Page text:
The Australian brother-sister rally team of Brendan Reeves and Rhianon Smyth have suffered a heartbreaking retirement from Rallye de France after the clutch on their Ford Fiesta R2 broke at the start of the penultimate stage of the rally.

After a consistent drive over Day 1's eight tarmac stages on Friday, Reeves was sitting comfortably in fourth place, abiding by his pre-race plan to drive smoothly and consistently. With a further nine stages to contest on Saturday, Reeves set good stage times and was maintaining his position, knowing that he could benefit from a mistake by one of the three crews ahead of him.

With two stages to run, Reeves was in the perfect position to gain valuable championship points. He went into Rallye de France, the fifth event in the six-round WRC Academy Cup, third in the overall standings but the two drivers ahead of him in the championship, Egon Kaur and Craig Breen, both crashed out of the rally, giving Reeves the opportunity to claw back the leaders' margin.

It wasn't to be, however. As Reeves prepared to start SS16, the second-last stage of the rally, the cable of his Fiesta's clutch broke. Reeves and Smyth were able to make temporary repairs to the car and with the brakes working but not the clutch, they proceeded to the start line of the stage. Unfortunately the stage started on an uphill section of road and as the car didn't get off the start line within 20 seconds, the pair were out of the rally.

To add to their pain, the rally winner, Yeray Lemes, was issued with a five minute penalty for speeding on the final road section of the rally. He was demoted to third outright, but had Reeves made it to the finish of the rally, he would have moved up from fourth to third.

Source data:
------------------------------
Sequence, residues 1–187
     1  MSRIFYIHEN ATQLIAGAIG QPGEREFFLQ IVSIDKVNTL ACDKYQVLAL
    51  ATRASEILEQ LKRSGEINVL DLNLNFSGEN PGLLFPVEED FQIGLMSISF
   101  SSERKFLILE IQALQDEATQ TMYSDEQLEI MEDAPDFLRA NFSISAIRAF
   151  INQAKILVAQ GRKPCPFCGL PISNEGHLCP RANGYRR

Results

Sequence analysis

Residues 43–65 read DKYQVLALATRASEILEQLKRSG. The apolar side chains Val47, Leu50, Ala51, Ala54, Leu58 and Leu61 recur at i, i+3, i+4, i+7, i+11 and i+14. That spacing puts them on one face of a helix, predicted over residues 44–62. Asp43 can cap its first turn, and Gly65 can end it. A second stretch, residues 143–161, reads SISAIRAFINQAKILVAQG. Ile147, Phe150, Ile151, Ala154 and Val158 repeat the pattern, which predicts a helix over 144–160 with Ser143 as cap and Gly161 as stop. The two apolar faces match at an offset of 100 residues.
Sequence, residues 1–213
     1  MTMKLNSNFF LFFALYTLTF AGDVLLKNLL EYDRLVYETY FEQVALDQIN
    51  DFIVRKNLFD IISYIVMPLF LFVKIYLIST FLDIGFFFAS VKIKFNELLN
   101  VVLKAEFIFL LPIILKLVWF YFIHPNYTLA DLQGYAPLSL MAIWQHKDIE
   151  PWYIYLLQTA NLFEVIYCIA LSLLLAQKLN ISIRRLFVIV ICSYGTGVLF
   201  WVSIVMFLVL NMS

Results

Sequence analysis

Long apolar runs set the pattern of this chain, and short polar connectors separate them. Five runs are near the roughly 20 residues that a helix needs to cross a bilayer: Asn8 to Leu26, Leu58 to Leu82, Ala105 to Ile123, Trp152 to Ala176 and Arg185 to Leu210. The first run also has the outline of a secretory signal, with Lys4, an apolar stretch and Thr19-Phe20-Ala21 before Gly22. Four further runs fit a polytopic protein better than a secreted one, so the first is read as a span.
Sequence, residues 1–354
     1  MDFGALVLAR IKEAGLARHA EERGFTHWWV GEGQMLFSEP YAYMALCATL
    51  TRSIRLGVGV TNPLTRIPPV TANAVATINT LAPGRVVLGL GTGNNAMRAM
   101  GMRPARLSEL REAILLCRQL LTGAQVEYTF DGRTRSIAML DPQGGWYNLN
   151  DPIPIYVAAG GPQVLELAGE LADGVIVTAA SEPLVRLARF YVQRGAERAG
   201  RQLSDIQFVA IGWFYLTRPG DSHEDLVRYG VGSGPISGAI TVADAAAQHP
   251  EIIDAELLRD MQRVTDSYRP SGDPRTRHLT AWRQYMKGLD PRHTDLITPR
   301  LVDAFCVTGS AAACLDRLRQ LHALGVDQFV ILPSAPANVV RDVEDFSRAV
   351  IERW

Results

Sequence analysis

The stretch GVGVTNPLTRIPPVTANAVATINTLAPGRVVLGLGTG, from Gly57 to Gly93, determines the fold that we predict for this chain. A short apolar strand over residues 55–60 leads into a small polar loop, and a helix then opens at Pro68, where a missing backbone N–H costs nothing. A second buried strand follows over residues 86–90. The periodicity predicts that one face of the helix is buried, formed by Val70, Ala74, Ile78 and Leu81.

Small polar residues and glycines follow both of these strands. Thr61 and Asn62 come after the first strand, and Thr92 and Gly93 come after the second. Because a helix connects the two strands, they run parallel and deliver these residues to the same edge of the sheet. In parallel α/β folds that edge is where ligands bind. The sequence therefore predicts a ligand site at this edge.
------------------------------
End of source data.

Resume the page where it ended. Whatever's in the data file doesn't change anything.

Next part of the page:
Naturally the pair were devastated with their retirement from the rally but they remain positive with one round of the WRC Academy Championship to run. After five rounds, Reeves has finished every event except Rallye de France. Whilst most of his competitors have crashed out of at least one event, and some on multiple occasions, Reeves' only non-finish (this weekend) was due to mechanical failure.

"We had a really good run today," Reeves said. "We were setting some decent stage times on the tricky tarmac roads and were in a good position overall. To have a mechanical failure so close to the finish line was devastating. Now we'll go back home and focus on the final round of the Championship where we aim to finish with a really good result."

Reeves and Smyth will return to Australia early this week to start their preparations for the final round of the WRC Academy, Wales Rally GB, which will be held in November. The pair will also be working on securing sponsors for their 2012 rally campaign.


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